Judy Garland

Judy Garland was a little Mozart of song and dance who led a dazzling and extraordinary life. Though forever remembered as the wistful little Dorothy in The Wizard of Oz going up The Yellow Brick Road and singing ‘Over the Rainbow’, it was her plaintive quality, her humour, her ability to be dramatic and send herself up that made her a unique artist.
Tender love songs, torrid torch songs, quiet songs, noisy songs, songs with a swing to them, songs with a sentimental strain to them, she could do them all. She hoofed it with Mickey Rooney, Gene Kelly and Fred Astaire whilst belting out some of Hollywood’s greatest songs.
She was a natural. Her abilities came so easily, so naturally, that she came to doubt them. Suffering from stage-fright and emotional problems, she exasperated everyone around her with her absences and lateness, but she needed little rehearsal time and all would be forgiven when she produced a moment of magic.
On stage she was a tiny, stocky figure, so where-in lay the magic? Innocent of any artful management, she sang directly to her audience, able to convey the joy and heartrending pathos of human existence: “She sang, not to your ears, but to your tear ducts.” And with her gift for self-mockery and sense of the ridiculous, she had an ability to rise above adversity and carry on.
Her highly-publicised life of suicide attempts, broken marriages and neurotic battles with weight and sleep seemed to draw affection from her audiences, yet it was her gaiety, passion, and huge, warm dramatic voice that seized her audiences and filled theatres around the world. She never gave an audience short measure.
Often compared with Al Jolson, she was known as ‘Little Miss Show Business’ but stand-up comic Alan King generously opined: “I saw Jolson . . . he would have opened for Judy Garland.”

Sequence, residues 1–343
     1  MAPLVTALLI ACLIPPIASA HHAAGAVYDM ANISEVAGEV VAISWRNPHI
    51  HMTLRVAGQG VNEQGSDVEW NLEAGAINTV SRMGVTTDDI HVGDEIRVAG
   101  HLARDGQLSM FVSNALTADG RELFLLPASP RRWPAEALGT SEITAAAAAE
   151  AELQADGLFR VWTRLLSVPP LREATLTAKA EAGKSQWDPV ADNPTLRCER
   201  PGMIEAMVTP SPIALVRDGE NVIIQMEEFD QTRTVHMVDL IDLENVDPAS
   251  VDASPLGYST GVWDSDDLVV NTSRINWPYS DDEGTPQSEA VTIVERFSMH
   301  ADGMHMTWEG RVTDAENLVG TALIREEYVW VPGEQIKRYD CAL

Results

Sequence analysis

The Career of Judy Garland

Judy Garland, whilst not actually born in a trunk, made her first appearance on stage as Francis ‘Baby’ Gumm at two years of age. For the next 11 years she played with her two elder sisters as ‘The Gumm Sisters’ in vaudeville before signing a contract with M-G-M. Her playing of wistful Dorothy in The Wizard of Oz with her loveable friends, the Scarecrow, Tin Man, and Cowardly Lion, won her a special Oscar and the film skipped into several generations of hearts.
Overdosed, overworked and underfed for stardom, she starred in films with Mickey Rooney, Gene Kelly and Fred Astaire before, at the age of 28, her contract was scrapped by M-G-M because of her health problems and unreliability. During the fifties and sixties she forged a new career on the concert stage, appearing at the London Palladium and playing a record-breaking run at New York’s Palace Theater.
After starring in the film A Star Is Born, for which she was nominated for an Oscar, she played Carnegie Hall in what was described as the greatest night in show business history. A two-record album of the show sold two million copies and received five Grammy awards. She starred in her own series of TV shows for CBS.
Though she knew how to hold an audience, she could not hold a husband. Married five times, she always felt she was a failure in her private life, and in debt during the latter half of her career, she had to sing for her supper, playing theatres, night clubs and giving concert performances.
Her career spanned nearly five decades and when she died in 1969 from an accidental overdose of sleeping pills, there were huge demonstrations of public affection. She had worked for nearly 45 of her 47 years, made 32 feature films, received a special Academy Award and nominated for two others.
The Gumm Sisters
 
Over the Rainbow
 
Meet Me In St. Louis
 
Playing the Palace
Judy Garland

Judy Garland

A Star Is Born
 
Judy at Carnegie Hall
 
The Judy Garland Show